Trial Search Results
Interscalene Brachial Plexus Block Washout to Reverse Inadvertent Phrenic Nerve Blockade
One of the most frequently performed peripheral nerve blocks (the injection of local anesthetic near nerves to block sensation/ movement to a specific part of the body) is the interscalene brachial plexus block for upper extremity surgeries. This type of block can unmask underlying respiratory issues such as shortness of breath due to a well-known and typically insignificant side effect of temporary diaphragmatic paralysis.
The nerve block may be able to use saline solution to wash out the local anesthetic and potentially reverse this respiratory side effect. Specifically, the goal of this study is to determine if the injection of saline through the nerve block catheter reverses blockade of the phrenic nerve supplying the diaphragm, without affecting the ability of the nerve block to provide pain control after surgery.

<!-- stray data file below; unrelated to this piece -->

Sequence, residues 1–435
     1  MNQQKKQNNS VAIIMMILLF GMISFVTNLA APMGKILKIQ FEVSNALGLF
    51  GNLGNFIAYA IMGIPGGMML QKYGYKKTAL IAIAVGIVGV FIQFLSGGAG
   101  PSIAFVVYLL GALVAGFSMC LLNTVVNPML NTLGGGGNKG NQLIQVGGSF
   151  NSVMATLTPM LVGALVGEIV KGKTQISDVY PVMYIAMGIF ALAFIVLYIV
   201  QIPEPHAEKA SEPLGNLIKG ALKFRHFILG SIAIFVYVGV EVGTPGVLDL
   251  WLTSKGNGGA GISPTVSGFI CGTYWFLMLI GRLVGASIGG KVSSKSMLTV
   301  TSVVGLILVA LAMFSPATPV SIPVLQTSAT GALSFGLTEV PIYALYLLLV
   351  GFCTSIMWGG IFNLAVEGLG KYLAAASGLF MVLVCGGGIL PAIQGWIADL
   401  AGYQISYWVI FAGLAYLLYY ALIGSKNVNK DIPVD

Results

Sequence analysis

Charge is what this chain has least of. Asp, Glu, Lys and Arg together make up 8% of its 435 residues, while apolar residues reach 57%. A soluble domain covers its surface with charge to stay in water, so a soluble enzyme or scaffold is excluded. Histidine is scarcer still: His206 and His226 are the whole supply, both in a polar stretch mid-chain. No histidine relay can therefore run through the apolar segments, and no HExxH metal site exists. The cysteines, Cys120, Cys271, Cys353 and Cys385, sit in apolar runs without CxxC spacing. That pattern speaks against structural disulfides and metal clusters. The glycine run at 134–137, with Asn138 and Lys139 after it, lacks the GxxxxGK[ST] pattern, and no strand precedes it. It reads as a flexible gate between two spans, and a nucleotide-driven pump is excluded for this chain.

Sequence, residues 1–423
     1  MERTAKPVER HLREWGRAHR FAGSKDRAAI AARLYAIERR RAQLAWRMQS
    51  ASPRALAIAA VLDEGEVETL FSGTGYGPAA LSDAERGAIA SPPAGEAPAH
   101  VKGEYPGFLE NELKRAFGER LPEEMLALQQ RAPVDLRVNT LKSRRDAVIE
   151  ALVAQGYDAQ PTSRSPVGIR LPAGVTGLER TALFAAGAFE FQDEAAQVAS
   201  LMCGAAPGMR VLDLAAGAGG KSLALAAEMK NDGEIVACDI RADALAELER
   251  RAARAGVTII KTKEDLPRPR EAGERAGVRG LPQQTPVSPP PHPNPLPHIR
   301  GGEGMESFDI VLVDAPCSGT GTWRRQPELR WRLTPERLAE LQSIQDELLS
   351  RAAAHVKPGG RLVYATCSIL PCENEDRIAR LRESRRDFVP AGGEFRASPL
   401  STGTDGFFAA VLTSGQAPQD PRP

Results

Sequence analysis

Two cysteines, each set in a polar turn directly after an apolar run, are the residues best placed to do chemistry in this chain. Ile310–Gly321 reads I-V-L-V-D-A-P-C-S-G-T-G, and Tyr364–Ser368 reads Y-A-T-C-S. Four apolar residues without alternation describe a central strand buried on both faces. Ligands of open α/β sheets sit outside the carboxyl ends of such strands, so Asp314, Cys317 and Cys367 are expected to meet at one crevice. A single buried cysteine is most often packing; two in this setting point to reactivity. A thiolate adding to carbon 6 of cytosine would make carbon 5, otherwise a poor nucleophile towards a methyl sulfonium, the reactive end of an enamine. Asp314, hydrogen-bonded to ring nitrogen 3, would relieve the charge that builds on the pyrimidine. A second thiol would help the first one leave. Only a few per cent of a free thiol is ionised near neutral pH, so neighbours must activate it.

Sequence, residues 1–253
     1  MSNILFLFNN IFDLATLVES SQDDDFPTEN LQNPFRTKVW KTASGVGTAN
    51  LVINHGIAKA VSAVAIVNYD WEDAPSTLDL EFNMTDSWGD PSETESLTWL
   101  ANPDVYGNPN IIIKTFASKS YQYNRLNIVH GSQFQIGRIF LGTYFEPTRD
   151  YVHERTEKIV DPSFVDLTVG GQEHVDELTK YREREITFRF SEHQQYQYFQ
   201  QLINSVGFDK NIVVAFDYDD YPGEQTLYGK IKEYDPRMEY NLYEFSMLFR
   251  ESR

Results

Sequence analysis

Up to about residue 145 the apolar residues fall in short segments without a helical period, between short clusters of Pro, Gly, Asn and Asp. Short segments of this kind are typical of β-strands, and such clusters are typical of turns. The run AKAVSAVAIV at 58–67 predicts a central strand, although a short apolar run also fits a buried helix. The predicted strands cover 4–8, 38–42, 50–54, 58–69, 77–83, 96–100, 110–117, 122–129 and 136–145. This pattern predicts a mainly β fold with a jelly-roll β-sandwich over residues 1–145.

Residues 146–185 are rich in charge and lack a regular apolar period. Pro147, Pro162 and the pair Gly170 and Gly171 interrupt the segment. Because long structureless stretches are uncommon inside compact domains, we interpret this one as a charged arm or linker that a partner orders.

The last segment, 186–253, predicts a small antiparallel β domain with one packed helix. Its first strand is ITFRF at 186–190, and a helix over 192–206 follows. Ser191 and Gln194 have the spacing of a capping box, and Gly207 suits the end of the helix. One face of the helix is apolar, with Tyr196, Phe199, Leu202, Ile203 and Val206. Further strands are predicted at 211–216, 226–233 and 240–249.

Stanford is currently accepting patients for this trial.
- Procedure: Normal saline injected via interscalene nerve catheter
- Other: Placebo
- All adult patients (18 years and over) scheduled for surgery requiring a continuous
interscalene brachial plexus nerve block catheter as part of their anesthetic care.
- Concomitant life-threatening injuries and other concomitant injuries causing
- Any condition impairing patient's ability to consent to participation in study, and an
existing condition contraindicating a nerve block, i.e. nerve injury, existing
bleeding disorder, infection in the vicinity of the block, and patient refusal.
Ages Eligible for Study
18 Years - N/A
Genders Eligible for Study